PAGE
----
Lai See

Sino Iron fiasco has Clive Palmer changing his attitude to China

PUBLISHED : Saturday, 23 August, 2014, 1:03am
UPDATED : Saturday, 23 August, 2014, 1:03am

Clive Palmer's tirade against China made global headlines earlier this week. But what's got the Australian mining billionaire so fired up? After all, four years ago Palmer was critical of the previous Labor government when Kevin Rudd was prime minister saying its policies made trade difficult for Chinese investors.

In a speech he called the policies "racist" and said there was "a great cry in Australia about Reds under the bed". He called on politicians to be fair and, "to treat the Chinese people and Chinese government with the dignity they deserve". However, his view has evidently soured.

This is almost entirely to do with Hong Kong-listed Citic Pacific's Sino Iron project in Western Australia. In 2006, Palmer sold Citic the right to mine magnetite iron ore in the Pilbara region in exchange for royalty payments. Citic agreed to build the infrastructure, but the "deal of the century", as analysts call it, because it heavily favours Palmer, has taken a heavy toll on Citic. The original budget of US$2.5 billion has blown out to about US$10 billion.

That is not counting the bungled US$2 billion attempt at hedging the company's Australian dollar risk that cost chairman Larry Yung Chi-kin his job. Sino Iron and Palmer are involved in a number of legal actions. But the principal dispute is about the royalties that Citic undertook to pay Palmer's company Mineralogy for shipping the ore. Palmer claims that Sino Iron owes him A$500 million (HK$3.6 billion) in unpaid royalties. Sino does not dispute this, but says the method of calculating it is unclear. The pricing of iron has changed since 2006 when the deal was negotiated.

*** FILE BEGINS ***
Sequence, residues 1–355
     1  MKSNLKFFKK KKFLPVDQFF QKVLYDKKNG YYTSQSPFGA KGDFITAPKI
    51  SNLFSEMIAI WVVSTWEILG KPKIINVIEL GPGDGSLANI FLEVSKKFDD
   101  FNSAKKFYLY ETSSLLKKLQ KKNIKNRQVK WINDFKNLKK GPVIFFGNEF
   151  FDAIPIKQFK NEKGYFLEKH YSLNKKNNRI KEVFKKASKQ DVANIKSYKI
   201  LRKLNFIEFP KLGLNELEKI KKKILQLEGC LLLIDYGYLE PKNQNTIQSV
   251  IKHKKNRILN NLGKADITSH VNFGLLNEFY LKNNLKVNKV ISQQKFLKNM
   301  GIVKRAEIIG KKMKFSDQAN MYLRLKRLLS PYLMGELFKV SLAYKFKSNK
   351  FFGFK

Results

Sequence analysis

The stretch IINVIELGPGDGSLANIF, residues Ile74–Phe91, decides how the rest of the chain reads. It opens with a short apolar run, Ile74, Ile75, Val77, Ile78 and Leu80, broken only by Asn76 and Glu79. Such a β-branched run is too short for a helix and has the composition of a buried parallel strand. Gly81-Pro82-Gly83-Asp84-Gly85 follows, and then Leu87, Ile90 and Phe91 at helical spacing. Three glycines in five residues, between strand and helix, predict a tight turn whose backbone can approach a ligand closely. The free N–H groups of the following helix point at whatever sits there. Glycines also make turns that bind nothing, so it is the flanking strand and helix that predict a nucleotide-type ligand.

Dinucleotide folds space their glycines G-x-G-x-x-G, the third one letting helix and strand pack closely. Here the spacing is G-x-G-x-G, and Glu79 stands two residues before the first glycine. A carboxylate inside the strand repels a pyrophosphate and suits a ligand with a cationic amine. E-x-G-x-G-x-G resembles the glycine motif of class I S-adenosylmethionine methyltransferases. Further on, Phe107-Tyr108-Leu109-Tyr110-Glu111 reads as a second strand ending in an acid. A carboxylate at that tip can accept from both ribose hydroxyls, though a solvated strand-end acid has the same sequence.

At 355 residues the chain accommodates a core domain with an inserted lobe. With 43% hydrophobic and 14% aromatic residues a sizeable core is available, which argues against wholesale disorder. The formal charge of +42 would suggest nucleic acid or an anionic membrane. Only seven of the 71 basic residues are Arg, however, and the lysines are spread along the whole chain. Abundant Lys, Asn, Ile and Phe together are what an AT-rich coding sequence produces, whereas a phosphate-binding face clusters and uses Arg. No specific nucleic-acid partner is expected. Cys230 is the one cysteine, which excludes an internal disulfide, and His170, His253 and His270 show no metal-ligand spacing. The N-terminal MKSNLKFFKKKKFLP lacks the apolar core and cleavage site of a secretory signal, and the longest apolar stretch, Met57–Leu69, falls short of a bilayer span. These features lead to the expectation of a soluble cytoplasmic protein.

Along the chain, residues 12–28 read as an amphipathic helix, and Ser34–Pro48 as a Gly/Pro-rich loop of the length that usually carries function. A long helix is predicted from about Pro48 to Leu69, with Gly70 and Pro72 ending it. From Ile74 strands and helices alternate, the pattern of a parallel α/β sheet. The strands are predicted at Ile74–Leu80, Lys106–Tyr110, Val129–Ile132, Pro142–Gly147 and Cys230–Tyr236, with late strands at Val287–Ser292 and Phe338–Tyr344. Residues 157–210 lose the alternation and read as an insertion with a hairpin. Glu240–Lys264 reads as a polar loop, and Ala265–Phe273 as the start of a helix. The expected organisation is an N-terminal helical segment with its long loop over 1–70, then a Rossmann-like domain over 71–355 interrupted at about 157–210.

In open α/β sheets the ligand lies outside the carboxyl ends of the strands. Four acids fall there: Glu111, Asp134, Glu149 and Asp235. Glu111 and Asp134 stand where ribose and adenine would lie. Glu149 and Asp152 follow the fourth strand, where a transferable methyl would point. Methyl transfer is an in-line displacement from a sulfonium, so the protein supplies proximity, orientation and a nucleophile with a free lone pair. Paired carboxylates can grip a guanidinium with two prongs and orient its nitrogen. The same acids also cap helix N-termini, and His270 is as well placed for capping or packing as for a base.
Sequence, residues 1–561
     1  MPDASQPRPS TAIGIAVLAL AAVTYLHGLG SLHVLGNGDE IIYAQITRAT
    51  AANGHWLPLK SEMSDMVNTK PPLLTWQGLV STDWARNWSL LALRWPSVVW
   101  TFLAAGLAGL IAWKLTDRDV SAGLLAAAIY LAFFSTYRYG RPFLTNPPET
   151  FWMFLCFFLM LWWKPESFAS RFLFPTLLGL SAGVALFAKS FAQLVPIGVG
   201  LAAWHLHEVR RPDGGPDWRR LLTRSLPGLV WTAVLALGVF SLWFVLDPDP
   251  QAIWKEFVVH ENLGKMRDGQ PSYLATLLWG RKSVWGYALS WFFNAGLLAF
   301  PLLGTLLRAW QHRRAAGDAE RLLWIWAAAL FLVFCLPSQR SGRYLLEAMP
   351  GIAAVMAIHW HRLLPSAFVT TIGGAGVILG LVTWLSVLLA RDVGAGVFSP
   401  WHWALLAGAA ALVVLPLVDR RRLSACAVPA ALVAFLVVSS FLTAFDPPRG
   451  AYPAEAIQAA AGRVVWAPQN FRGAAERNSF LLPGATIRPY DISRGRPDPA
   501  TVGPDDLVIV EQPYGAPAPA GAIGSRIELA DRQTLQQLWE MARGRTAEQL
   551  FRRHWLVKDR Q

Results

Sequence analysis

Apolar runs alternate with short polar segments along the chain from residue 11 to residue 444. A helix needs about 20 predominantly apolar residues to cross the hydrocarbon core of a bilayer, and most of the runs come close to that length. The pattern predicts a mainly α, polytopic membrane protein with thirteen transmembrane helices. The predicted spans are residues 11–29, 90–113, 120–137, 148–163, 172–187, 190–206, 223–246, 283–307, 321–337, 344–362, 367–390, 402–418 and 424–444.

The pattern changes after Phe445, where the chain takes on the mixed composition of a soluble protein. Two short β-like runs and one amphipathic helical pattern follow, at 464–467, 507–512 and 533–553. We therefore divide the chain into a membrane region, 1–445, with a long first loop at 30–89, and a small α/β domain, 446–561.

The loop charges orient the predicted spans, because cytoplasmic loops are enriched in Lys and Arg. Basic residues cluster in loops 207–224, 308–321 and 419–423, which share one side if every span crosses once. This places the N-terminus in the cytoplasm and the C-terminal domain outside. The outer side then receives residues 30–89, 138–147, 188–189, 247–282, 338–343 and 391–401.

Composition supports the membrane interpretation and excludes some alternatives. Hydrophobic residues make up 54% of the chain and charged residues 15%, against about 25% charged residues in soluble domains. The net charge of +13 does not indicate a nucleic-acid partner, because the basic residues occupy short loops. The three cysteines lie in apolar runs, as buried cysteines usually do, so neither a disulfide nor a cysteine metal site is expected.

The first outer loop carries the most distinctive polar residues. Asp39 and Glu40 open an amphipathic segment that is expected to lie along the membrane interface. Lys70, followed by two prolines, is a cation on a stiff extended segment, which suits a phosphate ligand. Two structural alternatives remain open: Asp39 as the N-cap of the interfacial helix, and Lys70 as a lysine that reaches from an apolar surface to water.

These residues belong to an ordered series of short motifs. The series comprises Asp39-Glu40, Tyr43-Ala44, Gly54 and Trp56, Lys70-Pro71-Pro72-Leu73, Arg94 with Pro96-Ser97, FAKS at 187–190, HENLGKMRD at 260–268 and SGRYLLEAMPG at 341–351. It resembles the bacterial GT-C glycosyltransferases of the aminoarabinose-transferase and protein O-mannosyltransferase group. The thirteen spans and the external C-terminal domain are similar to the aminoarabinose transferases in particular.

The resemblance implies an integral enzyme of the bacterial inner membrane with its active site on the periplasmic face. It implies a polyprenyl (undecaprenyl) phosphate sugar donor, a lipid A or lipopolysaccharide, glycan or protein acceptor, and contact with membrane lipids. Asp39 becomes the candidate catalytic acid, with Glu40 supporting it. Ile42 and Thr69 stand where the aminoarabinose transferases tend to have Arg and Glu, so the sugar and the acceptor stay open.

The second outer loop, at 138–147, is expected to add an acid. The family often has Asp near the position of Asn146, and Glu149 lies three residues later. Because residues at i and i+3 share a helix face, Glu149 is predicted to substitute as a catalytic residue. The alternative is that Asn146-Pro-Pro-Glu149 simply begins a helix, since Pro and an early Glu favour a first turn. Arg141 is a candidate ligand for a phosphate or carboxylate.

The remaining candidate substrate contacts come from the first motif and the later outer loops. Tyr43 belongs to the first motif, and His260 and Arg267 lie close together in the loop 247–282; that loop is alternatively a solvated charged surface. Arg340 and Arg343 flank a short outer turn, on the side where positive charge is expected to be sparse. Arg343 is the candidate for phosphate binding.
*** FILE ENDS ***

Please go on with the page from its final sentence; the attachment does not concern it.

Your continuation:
It was to be a calculation of several things, including - unfortunately - the annual benchmark iron ore prices received by BHP Billiton at its Mount Newman mine, and the annual benchmark iron ore prices received by Brazilian miner Vale. However, that annual "benchmark price" has been abandoned and has moved to daily spot market pricing. The two parties have been unable to agree a formula and the matter is in the courts.

The judge hearing this case had criticised Mineralogy for the numerous changes it has made to its statement of claim. "Mineralogy's numerous, and sometimes very significant, changes to its case have slowed these proceedings down dramatically," the judge said. This seems a bizarre tactic since it delays Palmer's payday. Cash is something Palmer has been desperate to get his hands on as a number of his businesses are losing money and there is the Palmer United Party to fund.

It may be that Palmer has been delaying the royalty hearings until another legal dispute was settled. That is, over who operates Port Preston, from where Sino ships its ore. Preston has been declared a "security" port by the government, which means it requires a manager to oversee security and anti-terrorist measures. Mineralogy was initially put in control but in what represents a serious loss for Palmer, Mineralogy lost this to Sino on appeal this week, which may explain his somewhat wrought state.

Had he been able to control the port he would possibly have been able to disrupt Citic's iron shipments which would have strengthened his hand in his royalty negotiations. Meanwhile, Citic has upped the ante and accused Palmer of fraud in diverting A$12 million cash from an account set up to pay for the administration of the port. Citic says these funds have been used to fund Palmer's election campaign and some of his other mining assets that have been losing money. Palmer denies this but the issue is now in court. The Sino Iron project looked at one stage as if it was going to bring down Citic, but now it's Palmer that's looking wobbly.

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